I posted a comparision between my suggestions to the Commission and their plan on my blog. Here is what I posted and sent to the Commission on Taxes:

    The Center for Fiscal Equity proposal is not dissimilar in terms of rates, although it would separate spending and taxes into three separate pots. Discretionary spending would be funded by a VAT of 13.3% (as above). In the transition, net incomes would increase by the VAT amount.

    Entitlement spending would be paid for with

    •an expanded business income tax on all businesses (including sole proprietors) on all value added and

    •would start by decreasing gross income to the new net income after the VAT and the employee contribution to Old Age and Survivors Insurance.

    • rates would then be increased to cover the full cost of retirement, but not at the expense of employee wages below their current net income for most employees at the lower end.

    •eliminates the home mortgage deduction and all state tax deductions, transfers Medicaid to the Federal Government and

    • increases the Child Tax Credit to $500 per month per child, makes it refundable and ends the EITC,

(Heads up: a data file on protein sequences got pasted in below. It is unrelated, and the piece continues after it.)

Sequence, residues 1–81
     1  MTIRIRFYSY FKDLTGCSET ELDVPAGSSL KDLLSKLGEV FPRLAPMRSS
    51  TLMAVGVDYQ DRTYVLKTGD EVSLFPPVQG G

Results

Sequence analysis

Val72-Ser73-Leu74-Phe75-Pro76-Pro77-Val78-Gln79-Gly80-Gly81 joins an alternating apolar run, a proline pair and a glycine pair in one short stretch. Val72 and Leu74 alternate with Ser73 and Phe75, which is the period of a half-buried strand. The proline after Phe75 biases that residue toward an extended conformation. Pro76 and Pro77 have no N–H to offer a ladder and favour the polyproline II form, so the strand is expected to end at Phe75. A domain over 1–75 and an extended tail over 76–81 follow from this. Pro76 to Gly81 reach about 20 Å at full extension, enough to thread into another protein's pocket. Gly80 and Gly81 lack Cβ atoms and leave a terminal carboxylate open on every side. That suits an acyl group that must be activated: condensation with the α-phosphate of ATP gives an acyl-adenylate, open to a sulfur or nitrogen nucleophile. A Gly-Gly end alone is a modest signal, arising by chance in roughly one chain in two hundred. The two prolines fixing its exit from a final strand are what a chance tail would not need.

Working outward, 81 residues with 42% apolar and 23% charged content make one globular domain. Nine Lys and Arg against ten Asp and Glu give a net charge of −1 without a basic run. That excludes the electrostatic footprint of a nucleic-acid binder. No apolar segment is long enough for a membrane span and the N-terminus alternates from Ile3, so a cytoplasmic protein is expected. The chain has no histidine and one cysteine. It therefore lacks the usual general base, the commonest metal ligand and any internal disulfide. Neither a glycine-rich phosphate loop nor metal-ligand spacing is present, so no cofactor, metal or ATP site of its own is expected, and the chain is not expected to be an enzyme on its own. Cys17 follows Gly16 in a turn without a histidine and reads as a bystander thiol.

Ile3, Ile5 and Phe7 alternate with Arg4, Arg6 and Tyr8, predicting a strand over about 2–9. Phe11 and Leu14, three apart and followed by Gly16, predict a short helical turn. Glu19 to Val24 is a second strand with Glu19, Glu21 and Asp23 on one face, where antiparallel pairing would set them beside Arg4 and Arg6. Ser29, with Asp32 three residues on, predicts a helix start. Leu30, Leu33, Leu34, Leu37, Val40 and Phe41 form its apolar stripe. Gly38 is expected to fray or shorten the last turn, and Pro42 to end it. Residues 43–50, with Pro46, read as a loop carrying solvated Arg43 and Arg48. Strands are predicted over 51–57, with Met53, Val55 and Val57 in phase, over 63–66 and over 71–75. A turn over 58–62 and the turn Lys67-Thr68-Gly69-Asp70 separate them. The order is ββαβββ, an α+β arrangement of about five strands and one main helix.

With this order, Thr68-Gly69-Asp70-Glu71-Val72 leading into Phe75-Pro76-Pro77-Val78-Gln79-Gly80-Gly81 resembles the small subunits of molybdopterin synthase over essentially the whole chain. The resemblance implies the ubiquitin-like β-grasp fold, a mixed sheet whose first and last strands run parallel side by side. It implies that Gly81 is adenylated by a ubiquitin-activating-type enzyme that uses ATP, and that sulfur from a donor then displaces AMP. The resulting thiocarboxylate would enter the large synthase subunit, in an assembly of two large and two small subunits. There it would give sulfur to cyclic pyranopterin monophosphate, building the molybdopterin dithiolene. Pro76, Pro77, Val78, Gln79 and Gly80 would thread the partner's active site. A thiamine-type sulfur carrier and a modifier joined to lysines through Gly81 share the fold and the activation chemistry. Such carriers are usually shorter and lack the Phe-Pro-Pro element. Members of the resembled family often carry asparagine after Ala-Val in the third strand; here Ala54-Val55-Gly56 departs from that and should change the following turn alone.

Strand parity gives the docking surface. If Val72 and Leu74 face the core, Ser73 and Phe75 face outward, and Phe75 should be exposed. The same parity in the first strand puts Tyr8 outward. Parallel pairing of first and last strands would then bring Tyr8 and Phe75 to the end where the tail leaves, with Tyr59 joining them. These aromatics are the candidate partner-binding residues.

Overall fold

•raising the minimum wage to $12 per hour so that there are no low wage jobs requiring tax benefits to subsidize marginal employers.

    The income tax would be reformed

    •The standard income tax deduction for families would be $100,000 (equivalent to $150,000 before Business Income Tax salary adjustment)

    •Income tax rates ranging from 4% to 28% for every additional $75,000 in family income.

    •Income taxes would fund net interest, debt retirement and overseas diplomatic and security operations and naval sea deployments.

    • Rates could go even higher when it becomes clear that the rich will bear most of the burden of paying the debt back – and if they don't, their children will.

    The Center ignores the gas tax, but agrees that a higher tax is a good idea.

  14. Nelson Gamble  ::  8:51 pm on February 23rd, 2011:

    Debt Settlement Or Bankruptcy? What do YOU think?